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Pathol Int. 2009 Aug;59(8):567-71. doi: 10.1111/j.1440-1827.2009.02407.x.

Adenomatoid tumor of the pleura.

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  • 1Department of Pathology and Laboratory Medicine, Kanazawa Medical University, Kahoku, Ishikawa, Japan. hminato@kanazawa-med.ac.jp


A case of adenomatoid tumor of the pleura is reported, and its differential diagnosis from benign and malignant pleural lesions is discussed. A small pleural nodule was incidentally found during a thoracic operation in a 54-year-old woman with esophageal cancer. The patient had no history of exposure to asbestos, and was well with no sign of recurrence 14 months after the operation. A 7 mm, circumscribed tumor had characteristic features of adenomatoid tumor. The tumor was composed of an aggregation of irregularly shaped tubulocystic spaces with fibrous stoma. The spaces were lined by flattened and occasional cuboidal epithelioid cells with cytoplasmic vacuolization, and several spaces contained pale blue mucinous fluid. On immunohistochemistry the tumor cells were positive for AE1/AE3, CAM5.2, vimentin, cytokeratin 5/6, D2-40, calretinin, thrombomodulin, and WT-1, but negative for CEA, Leu M1 (CD15), thyroid transcription factor-1, epithelial membrane antigen, desmin, glucose transporter-1 (GLUT-1), CD31, and CD34. The MIB-1 (Ki-67) labeling index was 1-2%, indicating low proliferative activity. Adenomatoid tumor of the pleura is rare, and the pathogenesis has not been elucidated. Recognition of these benign mesothelial lesions in the pleura is important to avoid misdiagnosis. The immunohistochemistry in the present case supports its mesothelial origin.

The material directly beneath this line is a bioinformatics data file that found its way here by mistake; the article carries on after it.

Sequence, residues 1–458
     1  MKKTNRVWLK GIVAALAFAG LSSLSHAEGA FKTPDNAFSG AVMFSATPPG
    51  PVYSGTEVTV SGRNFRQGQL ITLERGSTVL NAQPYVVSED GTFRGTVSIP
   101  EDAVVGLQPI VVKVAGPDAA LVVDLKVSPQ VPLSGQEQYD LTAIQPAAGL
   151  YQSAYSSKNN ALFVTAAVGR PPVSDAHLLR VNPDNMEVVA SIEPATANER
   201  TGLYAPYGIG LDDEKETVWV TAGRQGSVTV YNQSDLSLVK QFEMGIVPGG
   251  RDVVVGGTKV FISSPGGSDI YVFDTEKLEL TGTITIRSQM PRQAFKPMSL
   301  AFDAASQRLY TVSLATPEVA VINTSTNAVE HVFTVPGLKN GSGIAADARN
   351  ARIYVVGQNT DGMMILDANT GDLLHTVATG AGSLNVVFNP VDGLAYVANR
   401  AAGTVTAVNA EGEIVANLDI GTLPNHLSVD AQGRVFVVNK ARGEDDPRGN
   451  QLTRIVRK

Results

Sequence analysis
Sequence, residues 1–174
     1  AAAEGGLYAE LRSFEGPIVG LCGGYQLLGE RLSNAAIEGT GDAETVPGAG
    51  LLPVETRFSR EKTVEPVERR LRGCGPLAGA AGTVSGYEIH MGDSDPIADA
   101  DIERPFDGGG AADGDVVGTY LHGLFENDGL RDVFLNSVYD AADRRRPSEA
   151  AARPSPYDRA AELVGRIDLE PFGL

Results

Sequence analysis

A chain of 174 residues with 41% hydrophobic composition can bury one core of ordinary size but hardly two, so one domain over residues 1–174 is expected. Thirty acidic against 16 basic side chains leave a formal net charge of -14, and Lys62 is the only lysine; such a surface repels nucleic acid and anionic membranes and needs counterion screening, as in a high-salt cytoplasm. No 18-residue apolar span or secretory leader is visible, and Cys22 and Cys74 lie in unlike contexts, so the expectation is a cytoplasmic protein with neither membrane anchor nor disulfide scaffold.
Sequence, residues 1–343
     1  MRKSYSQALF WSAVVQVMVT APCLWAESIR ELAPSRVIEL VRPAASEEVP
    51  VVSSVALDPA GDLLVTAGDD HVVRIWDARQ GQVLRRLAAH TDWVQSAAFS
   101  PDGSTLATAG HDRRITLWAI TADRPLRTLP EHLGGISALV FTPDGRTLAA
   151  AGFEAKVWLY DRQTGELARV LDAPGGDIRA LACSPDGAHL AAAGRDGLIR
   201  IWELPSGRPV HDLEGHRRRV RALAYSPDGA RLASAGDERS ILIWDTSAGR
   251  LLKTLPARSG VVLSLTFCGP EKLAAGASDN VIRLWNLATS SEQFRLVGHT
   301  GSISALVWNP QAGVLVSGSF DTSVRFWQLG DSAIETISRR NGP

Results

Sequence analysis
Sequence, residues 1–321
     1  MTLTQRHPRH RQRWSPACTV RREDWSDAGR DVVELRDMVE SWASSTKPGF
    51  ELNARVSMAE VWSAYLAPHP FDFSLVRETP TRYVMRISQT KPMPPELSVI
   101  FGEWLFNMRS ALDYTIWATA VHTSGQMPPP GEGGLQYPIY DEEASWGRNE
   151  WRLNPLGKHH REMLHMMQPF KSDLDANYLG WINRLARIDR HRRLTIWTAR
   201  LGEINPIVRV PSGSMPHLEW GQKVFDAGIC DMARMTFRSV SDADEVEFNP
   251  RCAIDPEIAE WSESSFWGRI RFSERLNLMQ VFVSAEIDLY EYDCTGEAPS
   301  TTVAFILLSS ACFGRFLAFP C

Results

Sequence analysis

[PubMed - indexed for MEDLINE]
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